I need to retune into things that have not been taken away: learn how to live again in this new incarnation.  Sometimes waves of despair and grief and longing rise up in me and I have to cry briefly and always alone for just a few seconds as if I am releasing the pressure on a valve.  This enforced separation is burning away parts of me.  I know that this will give way to new growth, but it is early days and I still feel rather singed and sorry.

I wonder if Rob is missing me, worry that he isn’t and then worry more that he is.  I have everything here with me still.  Confiscation proceedings will not start until after January after which time Jim will tell me how much, (if any) of the house I can keep, but until then I have my home, my work and my children.  He has so very little in comparison.  They now have a broken kettle which still manages to produce hot water and have shared a single cup of black tea.  Their TV has no earth and can be plugged in only by inserting a biro lid into the socket. The live wires have also been cut at the back so you have to be extremely careful turning it on, but again, it works…just.  Every day Tala draws beautiful cards and insists that I do the same, but he can’t put them up as the only “glue” available is toothpaste which would damage the cards and Rob can’t bear to do that.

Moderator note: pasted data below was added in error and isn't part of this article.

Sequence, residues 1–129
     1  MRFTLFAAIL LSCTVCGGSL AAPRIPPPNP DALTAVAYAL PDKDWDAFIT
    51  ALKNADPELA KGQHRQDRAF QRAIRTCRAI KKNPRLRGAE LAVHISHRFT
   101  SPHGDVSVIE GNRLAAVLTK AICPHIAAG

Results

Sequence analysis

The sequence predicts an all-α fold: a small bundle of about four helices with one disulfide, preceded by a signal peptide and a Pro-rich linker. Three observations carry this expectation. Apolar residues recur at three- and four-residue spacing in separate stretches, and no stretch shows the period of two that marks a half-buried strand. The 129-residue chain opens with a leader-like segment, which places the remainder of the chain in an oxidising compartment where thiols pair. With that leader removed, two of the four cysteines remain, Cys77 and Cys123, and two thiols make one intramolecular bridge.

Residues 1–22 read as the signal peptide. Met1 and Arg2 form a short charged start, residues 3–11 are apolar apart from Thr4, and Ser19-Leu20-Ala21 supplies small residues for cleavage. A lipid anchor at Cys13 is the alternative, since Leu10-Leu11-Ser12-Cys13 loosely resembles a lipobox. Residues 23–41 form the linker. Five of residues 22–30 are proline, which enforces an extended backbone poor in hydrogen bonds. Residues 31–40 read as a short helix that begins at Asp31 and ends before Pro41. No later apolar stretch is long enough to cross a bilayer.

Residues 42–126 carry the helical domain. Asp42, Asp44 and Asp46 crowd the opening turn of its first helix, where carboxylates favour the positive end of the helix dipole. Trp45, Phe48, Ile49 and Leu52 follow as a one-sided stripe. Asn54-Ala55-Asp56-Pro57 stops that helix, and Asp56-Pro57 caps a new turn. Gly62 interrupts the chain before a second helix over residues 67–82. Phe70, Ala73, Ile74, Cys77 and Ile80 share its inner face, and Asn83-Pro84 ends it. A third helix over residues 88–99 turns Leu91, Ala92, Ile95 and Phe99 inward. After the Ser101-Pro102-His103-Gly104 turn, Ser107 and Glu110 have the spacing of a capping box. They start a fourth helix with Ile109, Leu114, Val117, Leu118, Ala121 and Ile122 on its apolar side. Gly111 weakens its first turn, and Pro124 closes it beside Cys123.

On top of these somewhat straightened circumstances he is hungry.  Everyone is starving.  You can get enough food, but only by filling up on copious amounts of white bread and spending all of your canteen money on extras from the shop.  Getting hold of anything fresh is virtually impossible although he has procured one orange thus far.  Vegetables (frozen only) are in short supply.  In the visiting hall Rob asked Okha to get him coffee and some dark chocolate if they had any.  She returned with a cup of something I was sure he would not drink and a KitKat.  I watched the man whose body was always a temple enjoy these simple low rent pleasures.  All the rules are out of the window.  This is survival, pure and simple.

It is not all rest and feasting however and the men have enlisted on courses which will enable them to work whilst inside, adding a few precious pounds to their weekly canteen money and most importantly enhancing their status and smoothing their passage onwards.  I am proud to learn that all of our boys have scored in the highest percentile in their induction tests (harder than one might think: the maths paper entailed questions on cosine and algebra that would have been way beyond my ken) and so they are eligible to choose from the full gamut of training opportunities.

All three elect to become mentors, supposedly a kind of therapeutic role and one of the best jobs as it allows more freedom of movement within the prison.  By some administrative blunder however, Charlie finds himself on the double glazing course which causes much mirth amongst his family.  Who knows? It may come in handy someday.  I hope that they can all manage to live this time rather than just survive it and that new parts of them can emerge, despite or perhaps specifically because of the challenges they face.  At the very least, Katie may get some new sash windows.